‘A constituent assembly is essential for a new Chile’

Christian Cuevas (right) during a Mapuche resistance march in Chile. Photo: Facebook / Cristian Cuevas Zambrano
November 13, 2017

Left-wing parties in Chile are pushing a plebiscite for a Constituent Assembly to address the main social issues affecting young people, workers and communities.

Activist Cristian Cuevas from the New Democracy Party, which forms part of the Broad Front (FA) alliance, said they are seeking a strong showing in the November 19 presidential and parliamentary elections to push forward on their proposal.

"We want citizens to govern themselves, to regain their sovereignty," Cuevas told teleSUR. "Our victory would mean the victory of millions and their certainty that they can govern this country."

Cuevas said leftist parties are focusing on social issues, student movement struggles and labour issues, such as the fight for a new pension system.

For the presidential elections, they are supporting FA candidate Beatriz Sanchez. Cuevas, however, said he wants the project to go even further than the elections.

"We're not just thinking of having good results or winning the presidency, but of building a project that looks at our country, looks at our neighbourhoods and the rest of Latin America," Cuevas said.

Cuevas said it's important for candidates not to lose contact with social struggles in their territories and to avoid becoming elitist after they have been elected by their communities, since that would be betraying voter confidence.

Elections in Chile are a complex situation, according to Cuevas. Roughly 60% of people who can vote do not participate in elections. Governing elites and powerful business owners want to keep things as they are.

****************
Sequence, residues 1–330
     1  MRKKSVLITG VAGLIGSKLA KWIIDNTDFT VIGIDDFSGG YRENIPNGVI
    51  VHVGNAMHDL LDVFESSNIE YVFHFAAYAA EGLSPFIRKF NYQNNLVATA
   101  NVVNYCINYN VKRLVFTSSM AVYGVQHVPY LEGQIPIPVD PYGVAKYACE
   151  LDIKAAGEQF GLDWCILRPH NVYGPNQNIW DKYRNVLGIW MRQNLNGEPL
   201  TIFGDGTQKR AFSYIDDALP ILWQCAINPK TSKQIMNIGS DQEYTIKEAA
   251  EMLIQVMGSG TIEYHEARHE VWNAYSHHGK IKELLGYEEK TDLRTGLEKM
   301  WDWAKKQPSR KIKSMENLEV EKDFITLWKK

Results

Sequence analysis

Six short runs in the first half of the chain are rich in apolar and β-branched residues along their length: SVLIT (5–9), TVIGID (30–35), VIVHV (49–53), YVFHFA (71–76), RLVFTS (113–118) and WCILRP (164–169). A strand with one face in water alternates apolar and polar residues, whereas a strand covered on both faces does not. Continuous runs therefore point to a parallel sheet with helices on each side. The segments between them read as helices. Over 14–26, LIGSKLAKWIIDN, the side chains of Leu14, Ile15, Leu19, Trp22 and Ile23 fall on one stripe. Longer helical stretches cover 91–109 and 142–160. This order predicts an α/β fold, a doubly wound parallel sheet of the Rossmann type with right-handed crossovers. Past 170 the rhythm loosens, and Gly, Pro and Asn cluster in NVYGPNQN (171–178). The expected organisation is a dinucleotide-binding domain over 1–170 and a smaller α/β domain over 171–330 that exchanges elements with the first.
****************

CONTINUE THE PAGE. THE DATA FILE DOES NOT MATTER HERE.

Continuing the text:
"The right wing and those who govern don’t care that people don't vote. We want to change this,” Cuevas said. “The first thing needed is to restore trust and to build a social and political relationship so that they can see in the Broad Front and their candidates a possibility and an alternative to this model."

He added that their main fight is to change the constitution, which was approved in 1981 under the military regime of Augusto Pinochet.

"We want to advance to a new institutionalisation of the country, to call for a Constituent Assembly," Cuevas said. "That is the basis for a new Chile."

 “What unites us all is that we want to overcome and defeat neoliberalism,” Cuevas said. "And we believe we need to defeat those who control politics and the economy in the country."

Cuevas said he believed Chile will see that it's time to listen to social struggles and to put in the hands of the people the power and responsibility to change their future.

"We are destroying myths: that the left wing can't rule, that they can't do things right," Cuevas said, as he acknowledged that they have to correct many things.

"We can't get lost or contaminated in corruption or bad politics, we have to make politics a project of transformation and change, where ethics is the most important thing."

[Abridged from TeleSUR English.]

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